The appearance that the City of New York may now be undersampling COVID-19 specimens for its weekly variant sequencing studies raises a whole new set of questions.
By Progress New York Staff
For weeks, Progress New York has been drawing attention to the appearance of incompleteness to weekly variant sequencing studies, a key tool used by the City of New York to monitor for infectious strains of the Coronavirus. Last month, Progress New York raised questions when Mayor Bill de Blasio (WFP-New York City) began announcing plans to reopen the economy at a time when the weekly variant sequencing studies contained no traces of a new contagious strain of the Coronavirus wreaking havoc around the world. Progress New York has also raised questions about the delay in the publication of the studies and the quality of the data, amongst other issues.
After Progress New York began to follow a plunge in the sample sizes used for the weekly variant sequencing studies, a deeper look was warranted.
Many of Mayor de Blasio’s critics have seized on the drop in the sample size as evidence that something had gone awry in the Government’s data about the Coronavirus pandemic. Because this data involves the surveillance of infections strains of the Coronavirus, many critics and advocates for Government transparency became concerned that the Government was not adequately monitoring for the emergence or prevalence of variants in New York City, the former epicenter of the Coronavirus pandemic. But the focus on the drop in the sample sizes masked other questions.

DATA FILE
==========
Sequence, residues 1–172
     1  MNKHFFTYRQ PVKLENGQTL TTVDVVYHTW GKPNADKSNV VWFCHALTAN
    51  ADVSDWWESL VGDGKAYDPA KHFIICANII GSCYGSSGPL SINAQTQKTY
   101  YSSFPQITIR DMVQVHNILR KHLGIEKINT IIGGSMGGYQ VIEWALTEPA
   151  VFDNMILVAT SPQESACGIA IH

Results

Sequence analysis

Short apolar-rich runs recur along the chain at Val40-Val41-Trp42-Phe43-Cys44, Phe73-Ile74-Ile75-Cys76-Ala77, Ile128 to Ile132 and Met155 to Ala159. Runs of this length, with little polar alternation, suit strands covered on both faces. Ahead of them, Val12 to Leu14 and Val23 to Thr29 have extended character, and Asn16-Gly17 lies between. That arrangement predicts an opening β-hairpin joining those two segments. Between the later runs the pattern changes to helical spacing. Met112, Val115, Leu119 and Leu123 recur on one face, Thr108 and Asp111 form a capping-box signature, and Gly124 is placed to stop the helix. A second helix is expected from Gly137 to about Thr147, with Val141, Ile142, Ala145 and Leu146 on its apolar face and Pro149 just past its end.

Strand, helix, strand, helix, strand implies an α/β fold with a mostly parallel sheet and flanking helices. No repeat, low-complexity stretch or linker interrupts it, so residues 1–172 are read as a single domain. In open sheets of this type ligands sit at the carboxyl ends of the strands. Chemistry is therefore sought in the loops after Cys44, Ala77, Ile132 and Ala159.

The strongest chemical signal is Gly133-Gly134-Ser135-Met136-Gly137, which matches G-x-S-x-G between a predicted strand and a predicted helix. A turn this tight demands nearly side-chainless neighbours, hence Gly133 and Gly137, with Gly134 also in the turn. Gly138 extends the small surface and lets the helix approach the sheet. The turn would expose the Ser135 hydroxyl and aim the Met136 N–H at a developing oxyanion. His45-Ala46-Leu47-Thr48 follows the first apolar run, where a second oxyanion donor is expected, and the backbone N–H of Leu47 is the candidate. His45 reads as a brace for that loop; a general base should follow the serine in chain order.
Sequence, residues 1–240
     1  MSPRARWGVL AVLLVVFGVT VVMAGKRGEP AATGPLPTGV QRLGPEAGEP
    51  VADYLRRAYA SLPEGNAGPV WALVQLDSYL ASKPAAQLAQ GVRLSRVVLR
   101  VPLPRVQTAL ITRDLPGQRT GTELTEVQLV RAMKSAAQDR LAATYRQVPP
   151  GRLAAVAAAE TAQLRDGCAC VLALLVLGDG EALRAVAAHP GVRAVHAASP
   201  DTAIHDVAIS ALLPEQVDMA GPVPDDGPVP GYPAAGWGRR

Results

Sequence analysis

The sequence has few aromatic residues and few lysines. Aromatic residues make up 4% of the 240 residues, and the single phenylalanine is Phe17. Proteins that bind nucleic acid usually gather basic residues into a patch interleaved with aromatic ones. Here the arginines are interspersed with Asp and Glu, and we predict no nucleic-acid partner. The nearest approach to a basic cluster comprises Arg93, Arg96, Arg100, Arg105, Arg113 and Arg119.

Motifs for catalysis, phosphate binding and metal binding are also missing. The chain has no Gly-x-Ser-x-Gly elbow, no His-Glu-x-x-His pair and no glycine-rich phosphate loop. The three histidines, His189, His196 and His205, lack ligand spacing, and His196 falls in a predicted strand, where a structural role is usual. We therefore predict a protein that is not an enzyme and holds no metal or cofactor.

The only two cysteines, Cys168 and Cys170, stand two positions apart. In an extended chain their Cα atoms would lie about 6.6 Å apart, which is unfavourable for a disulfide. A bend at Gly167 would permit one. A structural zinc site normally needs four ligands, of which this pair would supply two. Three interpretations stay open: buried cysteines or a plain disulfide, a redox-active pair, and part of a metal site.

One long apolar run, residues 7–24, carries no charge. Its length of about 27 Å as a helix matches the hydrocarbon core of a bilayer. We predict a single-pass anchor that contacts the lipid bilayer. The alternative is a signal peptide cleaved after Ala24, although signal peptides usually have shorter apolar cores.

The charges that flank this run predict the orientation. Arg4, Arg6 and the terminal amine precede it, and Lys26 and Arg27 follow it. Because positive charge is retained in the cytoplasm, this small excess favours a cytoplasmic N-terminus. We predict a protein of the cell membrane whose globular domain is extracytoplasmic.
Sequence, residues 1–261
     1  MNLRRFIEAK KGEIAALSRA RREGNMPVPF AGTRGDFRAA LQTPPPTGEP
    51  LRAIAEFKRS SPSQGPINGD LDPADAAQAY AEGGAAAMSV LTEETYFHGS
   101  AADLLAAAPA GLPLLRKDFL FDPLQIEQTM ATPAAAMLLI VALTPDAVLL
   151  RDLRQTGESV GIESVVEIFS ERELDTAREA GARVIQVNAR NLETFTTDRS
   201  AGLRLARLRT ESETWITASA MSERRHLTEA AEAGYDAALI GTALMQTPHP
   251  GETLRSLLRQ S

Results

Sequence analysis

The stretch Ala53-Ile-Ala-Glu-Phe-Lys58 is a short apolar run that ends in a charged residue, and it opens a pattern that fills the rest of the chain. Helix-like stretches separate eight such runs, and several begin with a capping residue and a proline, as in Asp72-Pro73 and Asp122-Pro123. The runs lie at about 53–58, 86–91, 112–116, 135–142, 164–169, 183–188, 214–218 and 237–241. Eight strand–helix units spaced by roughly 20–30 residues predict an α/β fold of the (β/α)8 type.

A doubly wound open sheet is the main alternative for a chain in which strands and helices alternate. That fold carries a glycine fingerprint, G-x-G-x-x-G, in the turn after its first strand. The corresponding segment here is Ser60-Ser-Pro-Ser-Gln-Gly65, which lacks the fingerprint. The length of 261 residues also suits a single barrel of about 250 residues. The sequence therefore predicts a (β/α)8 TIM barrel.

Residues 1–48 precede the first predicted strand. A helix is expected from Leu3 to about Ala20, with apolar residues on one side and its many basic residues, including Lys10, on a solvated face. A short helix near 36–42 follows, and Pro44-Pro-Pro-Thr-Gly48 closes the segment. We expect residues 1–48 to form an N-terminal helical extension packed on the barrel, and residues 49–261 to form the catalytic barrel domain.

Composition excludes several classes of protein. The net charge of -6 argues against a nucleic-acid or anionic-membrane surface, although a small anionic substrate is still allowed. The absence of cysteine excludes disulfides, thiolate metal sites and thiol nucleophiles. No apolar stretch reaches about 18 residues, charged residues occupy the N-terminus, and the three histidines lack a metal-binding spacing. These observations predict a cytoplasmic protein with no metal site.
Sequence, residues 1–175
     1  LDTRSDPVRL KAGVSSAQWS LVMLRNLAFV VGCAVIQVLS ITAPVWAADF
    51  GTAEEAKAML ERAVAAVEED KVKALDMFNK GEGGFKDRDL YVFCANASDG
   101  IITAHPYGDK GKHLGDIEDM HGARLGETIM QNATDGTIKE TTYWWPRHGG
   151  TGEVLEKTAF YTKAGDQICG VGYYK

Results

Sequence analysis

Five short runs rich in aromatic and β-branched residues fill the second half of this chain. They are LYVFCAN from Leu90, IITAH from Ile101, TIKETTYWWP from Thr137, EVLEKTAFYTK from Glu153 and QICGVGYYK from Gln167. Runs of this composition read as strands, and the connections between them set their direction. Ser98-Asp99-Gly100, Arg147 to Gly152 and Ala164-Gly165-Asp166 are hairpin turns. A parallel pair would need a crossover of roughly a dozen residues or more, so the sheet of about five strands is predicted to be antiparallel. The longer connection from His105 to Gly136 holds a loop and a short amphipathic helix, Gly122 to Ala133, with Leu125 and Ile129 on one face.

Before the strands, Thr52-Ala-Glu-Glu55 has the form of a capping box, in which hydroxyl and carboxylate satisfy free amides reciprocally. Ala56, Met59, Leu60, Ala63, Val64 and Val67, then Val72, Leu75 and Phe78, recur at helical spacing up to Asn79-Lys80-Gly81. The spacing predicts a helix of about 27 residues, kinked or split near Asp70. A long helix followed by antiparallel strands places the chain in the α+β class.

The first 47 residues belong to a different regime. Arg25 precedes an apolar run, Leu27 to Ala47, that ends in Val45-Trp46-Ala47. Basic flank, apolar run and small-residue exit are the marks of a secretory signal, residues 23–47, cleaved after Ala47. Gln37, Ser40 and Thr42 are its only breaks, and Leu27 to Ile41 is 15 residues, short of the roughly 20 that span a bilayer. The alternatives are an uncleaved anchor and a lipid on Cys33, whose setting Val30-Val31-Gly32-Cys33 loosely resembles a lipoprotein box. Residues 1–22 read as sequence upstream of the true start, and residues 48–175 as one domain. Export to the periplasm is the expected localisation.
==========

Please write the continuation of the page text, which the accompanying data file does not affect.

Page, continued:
To examine the issues provoked by the drop in the sample sizes used in the weekly variant sequencing studies, Progress New York received information from three experts in the field of statistics. The conversations took place on condition of anonymity, so that a robust exchange of ideas could take place. In one case, one expert disclosed that they were regulated by strict media guidelines by their employer. What follows is an examination of some of important issues raised by the state of the weekly variant sequencing studies.
For this report, the City Hall press office refused to answer multiple requests for information.
City Hall’s messaging to the public telegraphs that there is no more concern from the Coronavirus pandemic, even as other Nations, where this attitude was prevalent, have faced surges of a highly contagious Coronavirus variant.
Mayor de Blasio has been celebrating a trend of low positivity results from recent Coronavirus tests, and he has declared that a continued strategy of vaccinations will end the Coronavirus pandemic. But for weeks, Progress New York has been reporting that the City has not been transparent about its surveillance of Coronavirus variants. Throughout this time, Mayor de Blasio has appeared to be solely focused on reopening the economy to activities that were restricted last year. He repeatedly claims that the data shows that we are recovering from the pandemic. But all three experts with whom Progress New York spoke expressed reservations about the reliability of the City’s data.